Shazam is a feel-good delight, but full of monsters

JL JamiesonComics, Mini Review, MoviesLeave a Comment

Shazam!

review Shazam

****POSSIBLE MILD SPOILERS AHEAD****

 

 

 

With a word, a 15 year old boy lives the dreams of every comic book reading kid, and becomes a superhero.

We see this basic plot in the trailer.

Billy Batson (Asher Angel), a troubled foster kid who runs away from every family and group home where he’s been placed, gets sent to a foster family/group home that  looks a little…different. The kids are all relatively happy, and his roommate (Freddy, a boy on crutches played by Jack Dylan Grazer) seems to want to be friends. At first, Billy wants nothing to do with this new group home. That is, until some bullies at school start beating up his new brother. Then they’ve gotten on his nerves. He steps in.

Wizards, Sins, Shazam

Before all of this action kicks off, we see that a wizard (Djimon Housou) has been searching for someone righteous enough to replace him, as guardian of the captured Seven Deadly Sins and possessor of the magic to do it. We see our principle bad guy (Dr. Sivana, played by Mark Strong) have his resolve tested, and fail. Apparently, he then became obsessed with going back there.

Billy gets taken by the wizard, who at this time is desperate. He gets magic powers that activate when he says ‘Shazam!’, and these powers render him an adult in body. He then has to master his powers quickly, as our principle bad guy figures out how to get to the chamber holding the sins, and sets them free by absorbing them into his body, along with the power that was left to keep the Sins trapped.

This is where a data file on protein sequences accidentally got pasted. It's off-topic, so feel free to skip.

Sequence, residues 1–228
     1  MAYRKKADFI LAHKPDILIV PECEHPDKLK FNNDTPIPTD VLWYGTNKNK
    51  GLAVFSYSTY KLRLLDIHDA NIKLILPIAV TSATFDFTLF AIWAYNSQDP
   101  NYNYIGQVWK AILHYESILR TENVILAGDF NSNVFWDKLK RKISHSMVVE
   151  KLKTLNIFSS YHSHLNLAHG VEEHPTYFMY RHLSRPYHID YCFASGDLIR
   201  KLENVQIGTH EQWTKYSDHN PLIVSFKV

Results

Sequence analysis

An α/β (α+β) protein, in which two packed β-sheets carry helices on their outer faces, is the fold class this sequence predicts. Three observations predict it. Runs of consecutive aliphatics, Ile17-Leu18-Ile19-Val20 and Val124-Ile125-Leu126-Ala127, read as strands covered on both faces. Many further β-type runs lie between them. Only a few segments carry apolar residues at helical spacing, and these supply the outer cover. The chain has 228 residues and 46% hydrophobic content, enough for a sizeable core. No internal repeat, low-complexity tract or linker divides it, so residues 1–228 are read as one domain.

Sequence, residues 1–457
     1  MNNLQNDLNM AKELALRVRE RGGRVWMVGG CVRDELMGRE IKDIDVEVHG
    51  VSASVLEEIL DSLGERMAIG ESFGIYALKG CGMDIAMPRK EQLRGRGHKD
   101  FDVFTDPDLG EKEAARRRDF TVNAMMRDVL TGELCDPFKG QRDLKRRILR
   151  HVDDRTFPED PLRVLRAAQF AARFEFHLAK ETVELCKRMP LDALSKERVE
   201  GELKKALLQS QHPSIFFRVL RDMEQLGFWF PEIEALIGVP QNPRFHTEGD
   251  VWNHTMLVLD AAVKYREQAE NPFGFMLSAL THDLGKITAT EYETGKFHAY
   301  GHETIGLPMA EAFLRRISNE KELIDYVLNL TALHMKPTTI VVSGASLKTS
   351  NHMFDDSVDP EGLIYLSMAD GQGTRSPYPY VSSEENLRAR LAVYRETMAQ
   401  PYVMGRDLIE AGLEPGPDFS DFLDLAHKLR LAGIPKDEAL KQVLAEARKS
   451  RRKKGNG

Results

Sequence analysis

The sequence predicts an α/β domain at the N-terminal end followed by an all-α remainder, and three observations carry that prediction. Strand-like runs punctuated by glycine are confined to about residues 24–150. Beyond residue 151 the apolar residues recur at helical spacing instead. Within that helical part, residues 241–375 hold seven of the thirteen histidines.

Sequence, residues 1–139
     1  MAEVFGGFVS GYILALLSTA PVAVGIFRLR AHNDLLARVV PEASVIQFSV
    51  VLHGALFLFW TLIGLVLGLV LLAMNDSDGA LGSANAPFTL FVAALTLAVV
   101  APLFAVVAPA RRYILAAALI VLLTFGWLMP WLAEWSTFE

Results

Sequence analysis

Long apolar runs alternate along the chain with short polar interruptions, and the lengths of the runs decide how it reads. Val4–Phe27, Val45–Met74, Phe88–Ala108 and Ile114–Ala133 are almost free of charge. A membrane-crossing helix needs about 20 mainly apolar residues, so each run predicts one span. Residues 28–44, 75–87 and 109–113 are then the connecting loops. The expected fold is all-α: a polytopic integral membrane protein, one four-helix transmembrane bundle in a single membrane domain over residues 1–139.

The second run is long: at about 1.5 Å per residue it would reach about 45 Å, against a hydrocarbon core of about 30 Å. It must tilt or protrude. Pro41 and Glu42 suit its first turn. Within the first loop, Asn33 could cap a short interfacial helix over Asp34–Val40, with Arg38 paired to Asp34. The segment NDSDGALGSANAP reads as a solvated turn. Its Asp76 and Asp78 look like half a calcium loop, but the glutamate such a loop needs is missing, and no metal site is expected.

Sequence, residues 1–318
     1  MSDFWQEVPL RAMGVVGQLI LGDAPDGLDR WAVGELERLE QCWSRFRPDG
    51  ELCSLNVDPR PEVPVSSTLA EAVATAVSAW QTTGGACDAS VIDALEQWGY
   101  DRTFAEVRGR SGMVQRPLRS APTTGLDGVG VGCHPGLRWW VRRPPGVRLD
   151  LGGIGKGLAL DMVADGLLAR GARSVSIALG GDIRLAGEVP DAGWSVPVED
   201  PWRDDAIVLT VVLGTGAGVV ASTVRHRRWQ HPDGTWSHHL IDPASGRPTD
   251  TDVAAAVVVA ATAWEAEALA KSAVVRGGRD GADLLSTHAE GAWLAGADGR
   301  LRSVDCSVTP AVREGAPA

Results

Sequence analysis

All said, I really enjoyed this movie. For a DC film, in many ways it was far more light-hearted than some of its contemporaries in the DC movieverse. However, a caveat–use caution if bringing very young children to this film. The Sins are pretty horrific and graphic, and they DO eat and kill people. Other than that, however, I found the  film to be very feel good with a message of family and friendship. It’s got a nice balance of comic inspired cheese and heart. Watching Batson also try to figure out  how to work his powers brings to mind what hijinks anyone might expect from a 15 year old kid suddenly given superpowers and an adult body.

Levi was a great choice for Batson, and Mark Strong gives a nice balance of absurdity and menace to the villain Sivana.

review Shazam

 

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JL JamiesonShazam is a feel-good delight, but full of monsters